I can't evaluate all of the arguments made in this article, but one thing thing caught my eye:
Zink also points out that, by investing in equities, institutions
are investing in leverage, as all companies are leveraged, which is why
returns are high.
No evaluation of the leverage of a portfolio (say of a hedge fund) is complete without an evaluation of the leverage contained within the positions of that portfolio. Managers frequently advertise their low portfolio leverage without also disclosing the average leverage of the companies whose stocks comprise the portfolio.
From a WSJ article about getting rejected from your first choice college:
The truth is, everything that has happened in my life...that I thought
was a crushing event at the time, has turned out for the better," Mr.
Buffett says. With the exception of health problems, he says, setbacks
teach "lessons that carry you along. You learn that a temporary defeat
is not a permanent one. In the end, it can be an opportunity."
I wish I could tell you that I was a value investor from the start, that I came out of the womb with a cold-eyed knack for evaluating any investment.
The truth, I'm now reminded, is that I was a total sucker. I guess just about everyone has their first bubble and mine was baseball cards. There was a classic bubble in baseball cards in the late 1980s and early 1990s and I fell for it completely.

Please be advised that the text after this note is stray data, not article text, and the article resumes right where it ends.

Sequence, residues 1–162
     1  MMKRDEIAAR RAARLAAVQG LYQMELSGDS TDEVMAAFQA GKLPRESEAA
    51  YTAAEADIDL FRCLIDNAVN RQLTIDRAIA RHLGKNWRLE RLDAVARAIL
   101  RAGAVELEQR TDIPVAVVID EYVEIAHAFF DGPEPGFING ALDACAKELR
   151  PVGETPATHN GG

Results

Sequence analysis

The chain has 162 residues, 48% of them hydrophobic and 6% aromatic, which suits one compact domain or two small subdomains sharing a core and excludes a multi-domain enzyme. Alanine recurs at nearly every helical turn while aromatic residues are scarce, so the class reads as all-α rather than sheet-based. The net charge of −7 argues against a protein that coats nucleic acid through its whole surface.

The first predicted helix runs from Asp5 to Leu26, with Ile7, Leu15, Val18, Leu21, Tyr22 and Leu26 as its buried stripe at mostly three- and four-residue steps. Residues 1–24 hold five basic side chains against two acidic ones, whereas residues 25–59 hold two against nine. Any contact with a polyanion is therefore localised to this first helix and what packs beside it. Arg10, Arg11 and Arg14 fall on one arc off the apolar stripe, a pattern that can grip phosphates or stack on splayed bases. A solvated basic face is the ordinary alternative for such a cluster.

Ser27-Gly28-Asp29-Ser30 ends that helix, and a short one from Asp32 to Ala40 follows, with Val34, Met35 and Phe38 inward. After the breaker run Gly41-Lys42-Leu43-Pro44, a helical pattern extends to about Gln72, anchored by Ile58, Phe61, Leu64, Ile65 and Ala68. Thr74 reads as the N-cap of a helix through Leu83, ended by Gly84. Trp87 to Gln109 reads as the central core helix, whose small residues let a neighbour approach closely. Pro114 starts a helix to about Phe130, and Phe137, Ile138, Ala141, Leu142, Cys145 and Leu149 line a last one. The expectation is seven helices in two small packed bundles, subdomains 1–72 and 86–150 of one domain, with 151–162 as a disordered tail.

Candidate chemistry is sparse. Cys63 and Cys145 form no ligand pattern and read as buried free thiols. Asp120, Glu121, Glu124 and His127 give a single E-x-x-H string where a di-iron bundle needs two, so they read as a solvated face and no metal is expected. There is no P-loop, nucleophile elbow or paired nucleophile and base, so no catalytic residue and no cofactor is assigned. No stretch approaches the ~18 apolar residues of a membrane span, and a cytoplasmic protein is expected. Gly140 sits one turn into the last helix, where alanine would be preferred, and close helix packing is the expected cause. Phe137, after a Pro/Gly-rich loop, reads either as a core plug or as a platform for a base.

All the stars aligned: the New York Mets, my favorite team, won the World Series in 1986, when I turned 8. They contended again in 1988, when the bubble really got going. About two years later I started to go through puberty, which clouded my judgement even further. I don't know how much money my parents ended up spending on my baseball card collection, which is probably worthless today, but I shudder just thinking about it. It hurts even more to know that during the 1988-1998 period, the S&P 500 returned an average of 28% per year. That was an expensive hobby. Lesson learned.
The funny thing is that as I look back, I don't remember even once thinking about how quickly the supply of baseball cards was increasing into order to cash in on the bubble. To my 10-year old brain, all that mattered was that the 1951 Mickey Mantle rookie card was worth $50,000, and that Mark McGwire was clearly the next Mickey Mantle (actually that wasn't such a terrible prediction, even steroid-adjusted), therefore the Mark McGwire rookie card I just bought for $4 would one day be the greatest investment ever. The scarcity of the Mantle card, and the gross abundance of the McGwire card, were two facts that did not come naturally to me.